Concerns over glyphosate
In recent years, the worldwide intensive use of glyphosate and its accumulation in the environment and edible products has raised major concerns about the noxious side effects of glyphosate and AMPA on plant, animal, and human health.
Based on several publications about the potential chronic side effects of glyphosate-based products on human health, the World Health Organization reclassified the herbicide glyphosate as “probably” carcinogenic to humans in 2015.
In addition, the sub-lethal effects caused by glyphosate on honeybees could reduce pollination services, which would impact worldwide food production.
Contaminated blackberry wildflowers
Farmed fields of oilseed rape and blackberry wildflowers were sampled from seven locations in East and South-East Ireland. Non-target flowering plants are a significant exposure route of bees to glyphosate.
“Glyphosate is the most frequently used weed killer within the EU and is also very common in other parts of the world. The residues we found in nectar in this study exceeded the European maximum permitted levels of glyphosate in honey and honey bee products, which suggests they could be harmful to honeybees and those eating the honey,” Zioga explained.
Glyphosate residues were found in the pollen and nectar of the blackberry flowers within a week after spraying took place in three of the tested locations. No residues were detected when the weed killer was used as a pre-or post-emergence spray on an oilseed rape crop (two months before sampling).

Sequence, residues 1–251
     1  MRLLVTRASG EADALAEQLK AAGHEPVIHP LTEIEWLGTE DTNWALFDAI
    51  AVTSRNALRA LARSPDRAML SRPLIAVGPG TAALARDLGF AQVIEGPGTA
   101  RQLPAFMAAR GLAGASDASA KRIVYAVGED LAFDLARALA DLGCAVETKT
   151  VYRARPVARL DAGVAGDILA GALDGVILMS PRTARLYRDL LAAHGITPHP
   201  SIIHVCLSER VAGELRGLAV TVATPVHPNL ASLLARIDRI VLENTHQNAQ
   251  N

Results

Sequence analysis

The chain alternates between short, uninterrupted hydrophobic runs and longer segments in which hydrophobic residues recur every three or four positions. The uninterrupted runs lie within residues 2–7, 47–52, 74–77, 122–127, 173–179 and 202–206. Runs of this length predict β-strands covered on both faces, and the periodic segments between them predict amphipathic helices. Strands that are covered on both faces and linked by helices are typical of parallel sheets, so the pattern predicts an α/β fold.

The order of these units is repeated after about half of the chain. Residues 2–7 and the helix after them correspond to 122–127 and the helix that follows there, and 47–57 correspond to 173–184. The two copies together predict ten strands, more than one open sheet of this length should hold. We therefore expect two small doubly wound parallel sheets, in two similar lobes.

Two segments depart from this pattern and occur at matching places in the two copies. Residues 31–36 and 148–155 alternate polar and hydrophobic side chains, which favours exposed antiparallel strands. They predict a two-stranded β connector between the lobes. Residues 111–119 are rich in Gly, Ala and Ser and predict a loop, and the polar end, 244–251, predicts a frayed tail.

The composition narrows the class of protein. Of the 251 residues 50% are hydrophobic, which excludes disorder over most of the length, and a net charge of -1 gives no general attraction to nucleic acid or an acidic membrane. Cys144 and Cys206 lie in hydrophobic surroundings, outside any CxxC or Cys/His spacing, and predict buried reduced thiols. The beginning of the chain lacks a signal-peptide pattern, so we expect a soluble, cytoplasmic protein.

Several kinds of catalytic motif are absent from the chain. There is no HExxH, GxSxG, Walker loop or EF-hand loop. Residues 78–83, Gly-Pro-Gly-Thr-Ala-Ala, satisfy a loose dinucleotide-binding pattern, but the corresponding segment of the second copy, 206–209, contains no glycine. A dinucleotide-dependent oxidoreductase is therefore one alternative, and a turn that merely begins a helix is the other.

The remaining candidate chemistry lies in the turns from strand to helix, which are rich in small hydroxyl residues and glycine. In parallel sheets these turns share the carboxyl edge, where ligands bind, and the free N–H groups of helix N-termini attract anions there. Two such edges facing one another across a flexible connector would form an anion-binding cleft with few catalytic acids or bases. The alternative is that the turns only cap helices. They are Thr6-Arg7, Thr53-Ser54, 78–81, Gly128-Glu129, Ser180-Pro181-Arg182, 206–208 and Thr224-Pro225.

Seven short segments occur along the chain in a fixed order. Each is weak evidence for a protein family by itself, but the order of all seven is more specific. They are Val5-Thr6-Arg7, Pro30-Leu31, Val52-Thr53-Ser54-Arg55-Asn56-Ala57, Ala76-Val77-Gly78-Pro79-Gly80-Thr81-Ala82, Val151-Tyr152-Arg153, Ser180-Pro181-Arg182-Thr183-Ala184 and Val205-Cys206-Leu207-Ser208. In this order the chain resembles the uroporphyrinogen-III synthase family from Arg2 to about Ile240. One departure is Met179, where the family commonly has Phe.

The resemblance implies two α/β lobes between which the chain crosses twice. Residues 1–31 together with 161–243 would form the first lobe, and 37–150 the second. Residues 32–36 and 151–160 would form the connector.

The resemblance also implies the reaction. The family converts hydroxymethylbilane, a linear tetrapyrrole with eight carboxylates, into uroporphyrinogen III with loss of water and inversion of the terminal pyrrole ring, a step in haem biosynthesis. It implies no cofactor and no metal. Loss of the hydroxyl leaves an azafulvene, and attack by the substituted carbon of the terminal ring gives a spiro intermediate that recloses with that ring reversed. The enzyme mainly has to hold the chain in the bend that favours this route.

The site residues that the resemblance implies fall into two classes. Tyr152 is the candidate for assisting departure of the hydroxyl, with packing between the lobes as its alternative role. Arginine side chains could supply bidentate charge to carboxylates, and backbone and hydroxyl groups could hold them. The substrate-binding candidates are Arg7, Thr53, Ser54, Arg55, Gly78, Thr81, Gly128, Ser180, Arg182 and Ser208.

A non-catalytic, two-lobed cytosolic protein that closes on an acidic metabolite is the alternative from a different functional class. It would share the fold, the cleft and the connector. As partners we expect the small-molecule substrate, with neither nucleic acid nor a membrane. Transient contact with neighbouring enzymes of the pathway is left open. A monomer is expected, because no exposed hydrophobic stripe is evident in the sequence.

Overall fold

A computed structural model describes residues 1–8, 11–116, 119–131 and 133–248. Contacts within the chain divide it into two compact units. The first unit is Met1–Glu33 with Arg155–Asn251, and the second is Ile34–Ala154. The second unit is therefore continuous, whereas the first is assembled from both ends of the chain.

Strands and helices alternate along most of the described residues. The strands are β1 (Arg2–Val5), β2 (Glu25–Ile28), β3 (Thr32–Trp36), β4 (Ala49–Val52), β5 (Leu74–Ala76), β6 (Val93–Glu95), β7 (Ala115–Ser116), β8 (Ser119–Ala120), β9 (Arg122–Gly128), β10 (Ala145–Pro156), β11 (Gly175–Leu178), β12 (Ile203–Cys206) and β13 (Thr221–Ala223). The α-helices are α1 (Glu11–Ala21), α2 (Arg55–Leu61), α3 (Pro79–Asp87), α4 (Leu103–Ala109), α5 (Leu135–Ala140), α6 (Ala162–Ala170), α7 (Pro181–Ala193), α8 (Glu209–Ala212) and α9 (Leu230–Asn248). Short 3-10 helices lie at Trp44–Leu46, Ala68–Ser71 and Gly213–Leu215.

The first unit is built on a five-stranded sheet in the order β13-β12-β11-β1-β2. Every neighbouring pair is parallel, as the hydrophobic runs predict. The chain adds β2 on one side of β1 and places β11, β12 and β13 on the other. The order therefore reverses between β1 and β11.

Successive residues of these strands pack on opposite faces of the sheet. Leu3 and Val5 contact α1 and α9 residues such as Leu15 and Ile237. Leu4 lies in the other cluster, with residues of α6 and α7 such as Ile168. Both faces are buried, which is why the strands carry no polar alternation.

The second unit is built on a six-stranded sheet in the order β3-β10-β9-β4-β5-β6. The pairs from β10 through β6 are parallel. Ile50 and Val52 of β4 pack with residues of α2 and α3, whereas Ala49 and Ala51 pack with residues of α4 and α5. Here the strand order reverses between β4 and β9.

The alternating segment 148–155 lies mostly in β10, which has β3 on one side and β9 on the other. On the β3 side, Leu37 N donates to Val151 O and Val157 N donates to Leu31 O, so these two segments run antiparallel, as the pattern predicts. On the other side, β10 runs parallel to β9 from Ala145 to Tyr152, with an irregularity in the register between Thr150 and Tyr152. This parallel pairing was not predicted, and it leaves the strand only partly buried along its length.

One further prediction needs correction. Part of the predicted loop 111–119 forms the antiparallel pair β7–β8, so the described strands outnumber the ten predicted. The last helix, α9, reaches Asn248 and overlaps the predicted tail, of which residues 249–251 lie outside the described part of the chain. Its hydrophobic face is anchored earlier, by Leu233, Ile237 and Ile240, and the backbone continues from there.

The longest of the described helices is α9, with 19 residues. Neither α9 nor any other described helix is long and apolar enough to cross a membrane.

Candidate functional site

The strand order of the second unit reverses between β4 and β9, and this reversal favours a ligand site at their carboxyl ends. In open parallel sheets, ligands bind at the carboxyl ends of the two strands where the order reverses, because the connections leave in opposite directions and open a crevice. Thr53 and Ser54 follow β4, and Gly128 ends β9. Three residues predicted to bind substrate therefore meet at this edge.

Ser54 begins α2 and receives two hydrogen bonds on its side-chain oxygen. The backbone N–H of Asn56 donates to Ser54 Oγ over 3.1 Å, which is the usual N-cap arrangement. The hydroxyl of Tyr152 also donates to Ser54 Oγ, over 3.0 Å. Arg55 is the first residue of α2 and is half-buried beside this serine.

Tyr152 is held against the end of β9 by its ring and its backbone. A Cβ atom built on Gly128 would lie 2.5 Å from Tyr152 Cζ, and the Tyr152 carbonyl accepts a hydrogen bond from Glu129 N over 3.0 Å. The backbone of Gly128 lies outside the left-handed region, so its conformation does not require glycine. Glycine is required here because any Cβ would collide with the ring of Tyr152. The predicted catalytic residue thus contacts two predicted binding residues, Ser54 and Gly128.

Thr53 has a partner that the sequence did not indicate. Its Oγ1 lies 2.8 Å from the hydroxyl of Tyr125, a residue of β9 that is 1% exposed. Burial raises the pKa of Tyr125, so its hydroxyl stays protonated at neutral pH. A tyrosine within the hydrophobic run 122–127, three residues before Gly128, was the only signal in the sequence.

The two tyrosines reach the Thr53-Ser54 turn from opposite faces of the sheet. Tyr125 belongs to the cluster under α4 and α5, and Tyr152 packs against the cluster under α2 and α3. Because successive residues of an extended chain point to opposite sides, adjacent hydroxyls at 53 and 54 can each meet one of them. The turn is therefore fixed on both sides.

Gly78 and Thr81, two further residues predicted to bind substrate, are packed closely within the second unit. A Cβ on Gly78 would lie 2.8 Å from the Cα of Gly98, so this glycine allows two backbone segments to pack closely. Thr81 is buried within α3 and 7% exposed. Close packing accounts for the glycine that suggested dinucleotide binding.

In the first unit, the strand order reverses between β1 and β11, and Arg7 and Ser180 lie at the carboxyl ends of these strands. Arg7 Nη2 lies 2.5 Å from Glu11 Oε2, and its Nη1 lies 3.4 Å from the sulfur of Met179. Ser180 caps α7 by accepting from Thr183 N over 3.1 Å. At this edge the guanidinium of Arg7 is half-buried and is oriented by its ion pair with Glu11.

Meanwhile, the latest data from the US Food and Drug Administration on economically motivated adulteration of imported honey revealed that 10% of the tested samples were violative. The agency assessment showed that more than 70% of the honey consumed in the US is imported.
Data collection method
In 2019, winter-planted OSR (WOR) and spring-planted OSR (SOR) flowers were collected for pollen and nectar extraction. That year, blackberry flowers from plants growing on the edges of the fields where OSR crops were cultivated were also collected for pollen and nectar extraction.
In 2020, SOR flowers were collected for pollen extraction.
A minimum of 1,000 flowers were collected from each plant species in each field during each sampling event to obtain sufficient nectar and pollen for chemical analysis (100 mg and 100 μL nectar).
All samples were weighed and stored at -25 °C before analysis. Pollen pellets collected from each bee species were combined, and palynological analysis was performed.
This research was supported by the Irish Department of Agriculture, Food and the Marine as part of the Protects Project.
In related industry developments, Dalan Animal Health, a biotech company pioneering insect health, has been granted a conditional license for the vaccination of honeybees against American Foulbrood disease caused by Paenibacillus larvae. The vaccine is non-GMO and can be used in organic agriculture.
In addition, Dutch plant-based ingredients producer Fooditive is on track to begin large-scale production trials of the world’s first 100% bee-free honey next year. As well as providing all the benefits of traditional honey, this will address consumer concerns about animal welfare and sustainability.
By Inga de Jong
This feature is provided by FoodIngredientsFirst’s sister website, NutritionInsight.